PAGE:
Diary of a recent writing program in Cuba (with photos)
January 23, 2023 § 2 Comments
For the second annual Havana residency of the Newport MFA in Creative Writing I had the distinct pleasure of working with my friend and distinguished fellow novelist Danielle Trussoni, author of Angelology, The Puzzle Master (forthcoming from Random House), and numerous other books, and the horror-lit columnist for the The New York Times.
In addition to being a writing program this trip was also a cultural trip to Cuba, full of the kind of rich, special visits and encounters that are possible to arrange with the help of an amazing Havana ground crew, which in this instance was headed up by a talented young Cuban guide and fixer, Miguel Espinosa.
I thought it might be nice for those who participated (and really anyone else out there who is considering a non-touristy trip to Cuba) to have a day by day summary of events. ¡Buen provecho!
Flights arrive. Everyone meets up at our main casa in Habana Vieja for orientation & intros. Group dinner at one of Havana’s many delicious and atmospheric paladares (private restaurants). It begins!
We explore Habana Vieja via bici-taxi, which is a fun way to see regular Cuban neighborhoods sort of incognito, or at least without standing out the way a large group of walking tourists would. We visit a neighborhood “agro” produce market, a shop selling items used in Afro-Cuban religious worship (70% of Cubans are practitioners), and stop to talk about the system of “libros de abastecimiento,” the subsidized food-rationing program that’s been in place since the just after the triumph of the Revolution in the early sixties.
After this, a visit to the Cuban collection at the Museo de Bellas Artes with my old friend Ortelio, a distinguished art historian who heads up the museum’s education department. Spectacular!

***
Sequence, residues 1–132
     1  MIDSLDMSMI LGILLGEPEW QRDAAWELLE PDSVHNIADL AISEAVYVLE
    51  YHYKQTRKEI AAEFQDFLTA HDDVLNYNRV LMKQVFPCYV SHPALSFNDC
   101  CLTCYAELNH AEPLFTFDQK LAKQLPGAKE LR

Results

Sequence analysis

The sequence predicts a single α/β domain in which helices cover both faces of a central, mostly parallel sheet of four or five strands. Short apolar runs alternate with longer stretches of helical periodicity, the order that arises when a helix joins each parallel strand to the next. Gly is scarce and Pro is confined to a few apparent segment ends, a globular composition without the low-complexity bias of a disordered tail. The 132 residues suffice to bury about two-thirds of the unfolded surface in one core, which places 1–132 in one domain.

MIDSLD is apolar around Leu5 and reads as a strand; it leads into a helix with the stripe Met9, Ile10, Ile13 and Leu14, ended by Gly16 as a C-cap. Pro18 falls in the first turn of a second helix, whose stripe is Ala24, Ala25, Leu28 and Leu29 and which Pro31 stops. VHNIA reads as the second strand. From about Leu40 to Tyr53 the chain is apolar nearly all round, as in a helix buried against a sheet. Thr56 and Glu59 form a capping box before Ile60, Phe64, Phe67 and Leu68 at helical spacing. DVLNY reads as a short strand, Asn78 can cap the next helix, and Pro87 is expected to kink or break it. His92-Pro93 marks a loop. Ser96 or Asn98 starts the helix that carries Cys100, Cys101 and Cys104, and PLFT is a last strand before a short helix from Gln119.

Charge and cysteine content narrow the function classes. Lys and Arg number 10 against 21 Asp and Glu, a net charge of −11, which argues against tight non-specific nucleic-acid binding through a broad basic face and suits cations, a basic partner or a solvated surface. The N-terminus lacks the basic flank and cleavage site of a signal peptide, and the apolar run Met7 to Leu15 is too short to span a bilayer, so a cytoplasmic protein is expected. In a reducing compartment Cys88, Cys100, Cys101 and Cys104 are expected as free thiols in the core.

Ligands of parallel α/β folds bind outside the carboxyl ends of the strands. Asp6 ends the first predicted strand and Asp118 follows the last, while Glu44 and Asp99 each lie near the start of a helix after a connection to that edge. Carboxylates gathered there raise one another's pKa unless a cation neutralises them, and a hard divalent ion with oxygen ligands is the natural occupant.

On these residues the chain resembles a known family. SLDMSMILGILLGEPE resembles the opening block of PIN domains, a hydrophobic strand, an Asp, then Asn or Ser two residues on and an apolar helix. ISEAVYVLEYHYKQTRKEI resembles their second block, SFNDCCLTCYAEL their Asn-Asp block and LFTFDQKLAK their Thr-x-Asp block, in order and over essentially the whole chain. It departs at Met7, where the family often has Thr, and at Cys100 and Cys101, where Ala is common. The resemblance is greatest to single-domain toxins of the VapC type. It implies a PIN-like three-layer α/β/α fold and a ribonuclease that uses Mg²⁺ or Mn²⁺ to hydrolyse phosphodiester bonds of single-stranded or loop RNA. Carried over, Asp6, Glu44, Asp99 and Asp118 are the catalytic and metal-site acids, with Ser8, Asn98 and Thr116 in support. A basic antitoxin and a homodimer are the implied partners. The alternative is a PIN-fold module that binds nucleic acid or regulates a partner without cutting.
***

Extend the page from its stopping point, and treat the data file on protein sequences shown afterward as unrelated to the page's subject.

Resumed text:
A relatively light lunch at Cinco Esquinas, a pleasant streetside café near the museum, followed by our first writing workshop up on the lovely shaded terrace of our casa. For non-writing participants, a visit to the home/studio of Mabel Poblet, a stunningly talented installation artist whose work is already gracing public spaces and distinguished collections around the world.
Later we meet up on the terrace of our main casa for cocktails and an illustrated lecture on Cuban history, followed by dinner up on the terrace of Ivan Chef Justo, one of Havana’s finest paladares. I feel like the trip has gotten off to a good start!
Morning workshop for the writers and a trip to the Colón Necropolis for everyone else: Havana’s haunting “city of the dead” whose little avenues are lined with exquisite tombs and statuary in Carrara marble, much of it cracked and in decay from years of exposure to the sun and the island’s Caribbean-maritime climate.
Group lunch at Fusterlandia, where the entire neighborhood has been made into a whimsical ceramic work of the imagination by internationally famous artist Miguel Fuster. The lunch is damn good too; today we had “guajo” (wahoo), caught the day before just off the north coast by the artist’s son, Alex.
Afterwards we head back into Habana Vieja for a specially organized visit to a rehearsal at the Lizt Alfonso school of dance. It’s hard to express how incredible it is to visit such accomplished young artists in their own working space. Witnessing the accomplishment and joy that is the result of so much applied hard practice as well as talent is a deeply inspiring thing—perhaps especially for those of us who aspire to creative accomplishments of our own.
We finish the day up at La Cabaña fortress for pizza, seven-year-old rum, and a faculty reading. We stick around for the famous Cañonazo ceremony, commemorating the nightly cannon shot that used to signal the closing of the gates and the pulling of a boom chain across the harbor, back in the days when Havana was a walled city besieged by English pirates.
This morning we visit the house of Adrián, a Babalawo, or high priest, of the Afro-Cuban religion commonly known as santería. Adrián gives us a clear and fascinating insider’s look at the religion, which is based on Yoruba deities or orishas associated with aspects of the human character and various natural elements. Santería is a nature-based and highly inclusive spiritual practice; as it was strictly forbidden for long periods of Cuban history it became syncretized to Catholicism, widely practiced in secret at the household level. The Afro-Cuban religions are far too complex to give their full due here, but again, as they’re practiced at home by around 70% of the population, they’re absolutely central to understanding the island’s life and culture.